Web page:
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Echium vulgare - L.

Common Name Viper's Bugloss, Common viper's bugloss
Family Boraginaceae
USDA hardiness Coming soon
Known Hazards The leaves are poisonous[20]. No cases of poisoning have ever been recorded for this plant[76]. The bristly hairs on the leaves and stems can cause severe dermatitis[207].
Habitats Calcareous and light dry soils, especially on cliffs near the sea[4, 7, 17]. It is also found on walls, old quarries and gravel pits[4].
Range Europe, including Britain, from Scandanavia south and east to Spain, the Urals and W. Asia.
Edibility Rating    (1 of 5)
Other Uses    (0 of 5)
Weed Potential Yes
Medicinal Rating    (2 of 5)
Care (info)
Well drained soil Moist Soil Full sun
Echium vulgare Viper


http://commons.wikimedia.org/wiki/File:87_Echium_vulgare.jpg
Echium vulgare Viper
http://commons.wikimedia.org/wiki/User:B%C3%B6hringer

 

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Summary


Physical Characteristics

 icon of manicon of flower
Echium vulgare is a BIENNIAL/PERENNIAL growing to 0.9 m (3ft) by 0.6 m (2ft in).
It is not frost tender. It is in flower from July to October, and the seeds ripen from August to October. The species is hermaphrodite (has both male and female organs) and is pollinated by Bees, flies, Lepidoptera (Moths & Butterflies). The plant is self-fertile.
It is noted for attracting wildlife.
Suitable for: light (sandy), medium (loamy) and heavy (clay) soils, prefers well-drained soil and can grow in nutritionally poor soil. Suitable pH: acid, neutral and basic (alkaline) soils. It cannot grow in the shade. It prefers dry or moist soil. The plant can tolerate maritime exposure.

UK Hardiness Map US Hardiness Map

Synonyms

Habitats

 Cultivated Beds; East Wall. In. South Wall. In. West Wall. In.

Edible Uses

Edible Parts: Leaves
Edible Uses:

Young leaves - raw or cooked[7, 9, 13]. They can be used as a spinach substitute[9]. Mild and mucilaginous[K]. Although somewhat hairy, when chopped up finely they are an acceptable part of a mixed salad[K]. Eating the leaves is said to stimulate sexual desire[9]. Use with caution, there is an unconfirmed report of toxicity[21].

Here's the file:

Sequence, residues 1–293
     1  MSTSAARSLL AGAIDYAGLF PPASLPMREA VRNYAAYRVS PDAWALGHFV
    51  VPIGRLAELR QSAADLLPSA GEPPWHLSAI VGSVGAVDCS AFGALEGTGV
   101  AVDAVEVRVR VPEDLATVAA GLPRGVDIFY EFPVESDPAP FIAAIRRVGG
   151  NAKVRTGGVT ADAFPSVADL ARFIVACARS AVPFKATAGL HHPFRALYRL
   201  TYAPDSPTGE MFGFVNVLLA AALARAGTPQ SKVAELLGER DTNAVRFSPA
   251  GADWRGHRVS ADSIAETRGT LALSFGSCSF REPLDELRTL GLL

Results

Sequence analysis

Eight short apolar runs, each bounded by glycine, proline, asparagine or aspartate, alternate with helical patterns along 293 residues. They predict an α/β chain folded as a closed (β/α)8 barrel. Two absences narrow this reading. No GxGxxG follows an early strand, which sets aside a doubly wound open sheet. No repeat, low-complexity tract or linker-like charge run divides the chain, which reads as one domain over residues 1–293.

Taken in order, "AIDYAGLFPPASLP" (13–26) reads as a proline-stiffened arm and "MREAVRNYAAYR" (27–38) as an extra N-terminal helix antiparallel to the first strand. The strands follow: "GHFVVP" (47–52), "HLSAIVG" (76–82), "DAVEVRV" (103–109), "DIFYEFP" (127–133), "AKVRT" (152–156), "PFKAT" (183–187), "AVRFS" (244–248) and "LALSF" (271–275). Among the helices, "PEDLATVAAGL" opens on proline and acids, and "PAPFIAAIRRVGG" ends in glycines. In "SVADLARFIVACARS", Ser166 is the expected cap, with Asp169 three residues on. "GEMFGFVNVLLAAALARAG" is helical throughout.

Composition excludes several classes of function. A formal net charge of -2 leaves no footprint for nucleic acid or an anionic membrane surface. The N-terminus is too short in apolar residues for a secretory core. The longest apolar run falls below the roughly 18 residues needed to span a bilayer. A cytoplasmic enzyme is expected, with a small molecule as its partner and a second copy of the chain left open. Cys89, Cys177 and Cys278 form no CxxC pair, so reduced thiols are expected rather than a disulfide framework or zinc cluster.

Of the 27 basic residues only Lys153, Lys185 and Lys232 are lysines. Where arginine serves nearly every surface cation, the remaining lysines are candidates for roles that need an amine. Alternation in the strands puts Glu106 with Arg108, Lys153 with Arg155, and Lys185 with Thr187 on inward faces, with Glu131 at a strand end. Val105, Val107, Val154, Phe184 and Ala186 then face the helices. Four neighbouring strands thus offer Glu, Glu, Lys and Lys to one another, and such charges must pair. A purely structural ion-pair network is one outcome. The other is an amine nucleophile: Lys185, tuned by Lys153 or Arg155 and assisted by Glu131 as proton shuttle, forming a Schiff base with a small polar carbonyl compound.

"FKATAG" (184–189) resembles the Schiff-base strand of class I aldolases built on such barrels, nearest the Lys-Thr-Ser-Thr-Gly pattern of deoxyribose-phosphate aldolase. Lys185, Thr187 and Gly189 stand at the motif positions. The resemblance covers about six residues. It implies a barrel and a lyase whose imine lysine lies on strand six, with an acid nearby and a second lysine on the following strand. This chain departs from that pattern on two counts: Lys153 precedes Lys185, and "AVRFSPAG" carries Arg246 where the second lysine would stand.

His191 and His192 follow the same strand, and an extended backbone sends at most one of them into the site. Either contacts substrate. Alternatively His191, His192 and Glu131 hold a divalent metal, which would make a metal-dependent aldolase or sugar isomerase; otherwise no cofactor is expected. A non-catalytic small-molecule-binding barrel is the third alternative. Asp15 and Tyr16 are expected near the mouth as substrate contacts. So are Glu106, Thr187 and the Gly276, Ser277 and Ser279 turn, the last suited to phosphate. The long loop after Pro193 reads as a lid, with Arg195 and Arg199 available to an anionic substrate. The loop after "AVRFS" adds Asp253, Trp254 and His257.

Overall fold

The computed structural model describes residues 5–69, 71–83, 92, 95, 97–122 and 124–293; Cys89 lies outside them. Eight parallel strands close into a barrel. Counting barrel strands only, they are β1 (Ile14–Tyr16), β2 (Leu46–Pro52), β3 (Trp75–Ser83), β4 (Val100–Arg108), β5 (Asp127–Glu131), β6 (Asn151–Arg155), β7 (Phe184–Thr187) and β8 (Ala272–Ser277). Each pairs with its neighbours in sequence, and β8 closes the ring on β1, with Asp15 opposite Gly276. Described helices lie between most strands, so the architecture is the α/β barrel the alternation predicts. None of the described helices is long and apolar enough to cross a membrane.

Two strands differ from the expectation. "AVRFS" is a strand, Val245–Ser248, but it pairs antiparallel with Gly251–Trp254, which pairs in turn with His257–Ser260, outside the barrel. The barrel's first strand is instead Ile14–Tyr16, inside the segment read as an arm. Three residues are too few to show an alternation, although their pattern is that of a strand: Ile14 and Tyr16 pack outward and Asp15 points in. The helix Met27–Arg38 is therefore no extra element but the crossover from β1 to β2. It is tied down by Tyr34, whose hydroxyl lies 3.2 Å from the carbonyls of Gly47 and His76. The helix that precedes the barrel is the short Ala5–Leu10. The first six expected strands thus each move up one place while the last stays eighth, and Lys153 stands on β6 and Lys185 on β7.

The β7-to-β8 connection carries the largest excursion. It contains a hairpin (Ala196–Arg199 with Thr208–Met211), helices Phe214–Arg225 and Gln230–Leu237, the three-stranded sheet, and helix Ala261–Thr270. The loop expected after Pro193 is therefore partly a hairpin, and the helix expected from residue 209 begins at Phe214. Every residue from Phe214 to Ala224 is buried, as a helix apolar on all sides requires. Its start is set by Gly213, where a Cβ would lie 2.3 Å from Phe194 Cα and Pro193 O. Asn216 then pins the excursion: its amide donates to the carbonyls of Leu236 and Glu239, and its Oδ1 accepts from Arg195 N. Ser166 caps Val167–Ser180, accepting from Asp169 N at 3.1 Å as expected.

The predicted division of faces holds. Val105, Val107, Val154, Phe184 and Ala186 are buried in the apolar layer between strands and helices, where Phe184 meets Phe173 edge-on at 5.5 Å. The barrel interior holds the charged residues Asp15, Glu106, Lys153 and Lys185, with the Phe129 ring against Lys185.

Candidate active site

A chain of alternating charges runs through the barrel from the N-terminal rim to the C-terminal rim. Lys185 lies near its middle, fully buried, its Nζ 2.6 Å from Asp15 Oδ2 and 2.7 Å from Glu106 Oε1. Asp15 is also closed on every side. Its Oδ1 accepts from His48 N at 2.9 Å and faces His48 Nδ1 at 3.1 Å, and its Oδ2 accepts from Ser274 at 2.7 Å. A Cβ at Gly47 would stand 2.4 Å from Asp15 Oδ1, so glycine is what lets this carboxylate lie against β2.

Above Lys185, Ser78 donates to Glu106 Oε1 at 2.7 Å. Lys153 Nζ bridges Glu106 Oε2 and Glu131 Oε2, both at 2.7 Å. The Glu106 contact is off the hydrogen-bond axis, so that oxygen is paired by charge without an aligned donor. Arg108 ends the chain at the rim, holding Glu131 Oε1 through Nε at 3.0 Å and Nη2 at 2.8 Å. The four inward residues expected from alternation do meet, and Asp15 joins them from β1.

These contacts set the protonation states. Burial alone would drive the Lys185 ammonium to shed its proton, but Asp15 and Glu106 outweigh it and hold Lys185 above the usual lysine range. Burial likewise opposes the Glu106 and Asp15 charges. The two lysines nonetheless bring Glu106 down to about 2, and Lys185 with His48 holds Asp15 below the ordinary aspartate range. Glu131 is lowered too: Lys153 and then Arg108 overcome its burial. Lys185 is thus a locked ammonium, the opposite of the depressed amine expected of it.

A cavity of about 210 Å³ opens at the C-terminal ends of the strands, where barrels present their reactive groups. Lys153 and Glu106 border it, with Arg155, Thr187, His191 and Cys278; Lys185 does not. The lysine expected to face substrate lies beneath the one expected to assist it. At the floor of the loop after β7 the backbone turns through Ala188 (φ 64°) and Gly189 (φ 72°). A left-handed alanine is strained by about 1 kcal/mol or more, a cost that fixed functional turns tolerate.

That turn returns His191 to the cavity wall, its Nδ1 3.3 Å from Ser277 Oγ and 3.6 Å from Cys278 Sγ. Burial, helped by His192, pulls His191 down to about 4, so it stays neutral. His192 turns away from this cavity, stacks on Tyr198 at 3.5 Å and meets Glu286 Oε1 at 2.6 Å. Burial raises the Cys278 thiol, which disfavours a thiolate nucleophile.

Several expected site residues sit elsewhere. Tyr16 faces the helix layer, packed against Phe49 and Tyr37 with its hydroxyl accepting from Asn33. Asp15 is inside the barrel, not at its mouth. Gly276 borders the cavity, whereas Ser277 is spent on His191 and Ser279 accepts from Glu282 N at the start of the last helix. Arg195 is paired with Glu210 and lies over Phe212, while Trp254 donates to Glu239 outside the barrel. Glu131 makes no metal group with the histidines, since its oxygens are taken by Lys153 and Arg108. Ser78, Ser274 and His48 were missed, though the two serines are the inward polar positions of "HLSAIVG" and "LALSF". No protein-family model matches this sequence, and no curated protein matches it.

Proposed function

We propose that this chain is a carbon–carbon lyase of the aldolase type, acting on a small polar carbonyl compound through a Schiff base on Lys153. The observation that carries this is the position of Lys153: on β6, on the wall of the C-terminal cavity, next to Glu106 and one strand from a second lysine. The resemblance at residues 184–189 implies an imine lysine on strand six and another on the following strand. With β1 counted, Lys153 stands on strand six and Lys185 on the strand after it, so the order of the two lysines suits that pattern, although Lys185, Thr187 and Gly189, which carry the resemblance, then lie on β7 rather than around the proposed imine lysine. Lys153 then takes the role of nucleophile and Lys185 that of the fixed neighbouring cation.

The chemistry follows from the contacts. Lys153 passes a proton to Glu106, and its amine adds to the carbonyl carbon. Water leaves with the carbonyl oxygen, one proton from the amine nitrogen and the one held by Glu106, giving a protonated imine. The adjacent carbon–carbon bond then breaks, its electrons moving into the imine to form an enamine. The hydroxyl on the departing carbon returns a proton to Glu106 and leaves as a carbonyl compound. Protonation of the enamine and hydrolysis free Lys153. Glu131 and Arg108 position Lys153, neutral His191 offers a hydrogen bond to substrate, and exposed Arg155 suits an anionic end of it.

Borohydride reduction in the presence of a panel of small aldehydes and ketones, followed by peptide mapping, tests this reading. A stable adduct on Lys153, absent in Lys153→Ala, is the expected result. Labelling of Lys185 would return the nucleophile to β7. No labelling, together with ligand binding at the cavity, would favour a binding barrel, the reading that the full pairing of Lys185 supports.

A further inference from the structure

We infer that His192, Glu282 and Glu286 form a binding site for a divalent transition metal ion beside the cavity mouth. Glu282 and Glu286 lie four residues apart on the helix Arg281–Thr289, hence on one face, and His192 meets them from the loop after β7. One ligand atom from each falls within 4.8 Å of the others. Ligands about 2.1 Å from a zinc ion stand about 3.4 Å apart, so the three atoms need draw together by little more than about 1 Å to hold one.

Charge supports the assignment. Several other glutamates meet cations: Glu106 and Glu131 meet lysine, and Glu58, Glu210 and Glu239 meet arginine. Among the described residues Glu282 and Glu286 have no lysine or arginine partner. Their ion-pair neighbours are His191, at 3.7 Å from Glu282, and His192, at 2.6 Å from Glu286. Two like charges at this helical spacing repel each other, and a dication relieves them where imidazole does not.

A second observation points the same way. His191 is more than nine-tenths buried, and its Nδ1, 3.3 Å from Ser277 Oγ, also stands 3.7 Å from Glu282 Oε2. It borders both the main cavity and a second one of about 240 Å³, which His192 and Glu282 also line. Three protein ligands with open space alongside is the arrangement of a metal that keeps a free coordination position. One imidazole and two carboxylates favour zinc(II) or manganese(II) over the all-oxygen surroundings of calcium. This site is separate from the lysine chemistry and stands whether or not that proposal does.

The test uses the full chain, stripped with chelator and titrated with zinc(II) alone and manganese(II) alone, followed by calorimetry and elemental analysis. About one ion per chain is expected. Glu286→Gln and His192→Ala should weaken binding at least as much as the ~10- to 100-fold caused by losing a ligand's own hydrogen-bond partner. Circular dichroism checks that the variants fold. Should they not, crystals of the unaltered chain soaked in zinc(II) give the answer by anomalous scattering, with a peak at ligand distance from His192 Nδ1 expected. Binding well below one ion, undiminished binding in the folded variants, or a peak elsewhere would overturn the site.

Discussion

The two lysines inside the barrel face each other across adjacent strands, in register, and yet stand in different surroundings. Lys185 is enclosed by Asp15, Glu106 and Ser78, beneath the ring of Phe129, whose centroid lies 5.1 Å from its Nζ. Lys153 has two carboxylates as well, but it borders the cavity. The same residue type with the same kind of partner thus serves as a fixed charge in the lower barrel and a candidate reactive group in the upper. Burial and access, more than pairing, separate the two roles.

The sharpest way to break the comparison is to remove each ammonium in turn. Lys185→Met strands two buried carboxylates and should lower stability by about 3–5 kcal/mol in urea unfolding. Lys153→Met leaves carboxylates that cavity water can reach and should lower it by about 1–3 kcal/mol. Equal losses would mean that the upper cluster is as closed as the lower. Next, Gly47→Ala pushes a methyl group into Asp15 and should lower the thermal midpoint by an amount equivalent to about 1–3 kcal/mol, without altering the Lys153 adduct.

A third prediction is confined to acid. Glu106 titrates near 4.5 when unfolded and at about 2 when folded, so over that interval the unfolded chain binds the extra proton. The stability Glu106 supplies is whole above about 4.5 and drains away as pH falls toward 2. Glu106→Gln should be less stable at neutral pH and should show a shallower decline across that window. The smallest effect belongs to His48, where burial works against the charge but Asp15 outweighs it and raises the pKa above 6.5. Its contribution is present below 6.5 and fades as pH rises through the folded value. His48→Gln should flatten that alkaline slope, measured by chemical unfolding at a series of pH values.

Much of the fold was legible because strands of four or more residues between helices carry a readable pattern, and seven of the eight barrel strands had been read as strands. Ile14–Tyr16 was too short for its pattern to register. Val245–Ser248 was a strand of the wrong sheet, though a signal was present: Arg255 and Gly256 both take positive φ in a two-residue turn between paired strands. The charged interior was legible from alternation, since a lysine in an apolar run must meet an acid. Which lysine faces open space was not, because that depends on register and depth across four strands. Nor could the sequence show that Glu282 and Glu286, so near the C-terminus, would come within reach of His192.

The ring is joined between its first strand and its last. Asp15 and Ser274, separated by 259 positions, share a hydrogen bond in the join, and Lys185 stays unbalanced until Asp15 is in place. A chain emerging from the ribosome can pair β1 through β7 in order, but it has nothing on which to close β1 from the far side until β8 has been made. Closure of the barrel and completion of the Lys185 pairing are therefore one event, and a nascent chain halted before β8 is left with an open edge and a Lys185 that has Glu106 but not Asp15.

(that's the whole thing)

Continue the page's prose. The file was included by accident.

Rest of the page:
References

Medicinal Uses

Plants For A Future can not take any responsibility for any adverse effects from the use of plants. Always seek advice from a professional before using a plant medicinally.
Antitussive  Aphrodisiac  Demulcent  Diaphoretic  Diuretic  Emollient  Pectoral  Vulnerary


Viper's bugloss was once considered to be a preventative and remedy for viper bites[254]. It is related to borage, Borago officinalis, and has many similar actions, especially in its sweat-inducing and diuretic effects[254]. In recent times, however, it has fallen out of use, partly due to lack of interest in its medicinal potential and partly to its content of pyrrolizidine alkaloids which are toxic in isolation[254]. The leaves and flowering stems are antitussive, aphrodisiac, demulcent, diaphoretic, diuretic, pectoral and vulnerary[4, 7, 222]. An infusion of the plant is taken internally as a diuretic and in the treatment of fevers, headaches, chest conditions etc[244, 254]. The juice of the plant is an effective emollient for reddened and delicate skins, it is used as a poultice or plaster to treat boils and carbuncles[7, 254]. The leaves are harvested in the summer and can be dried for later use[7]. The roots contain the healing agent allantoin[222]. The plant is said to be efficacious in the treatment of snake bites[4]. When chopped up finely, the fresh flowering heads can be made into a poultice for treating whitlows and boils[7].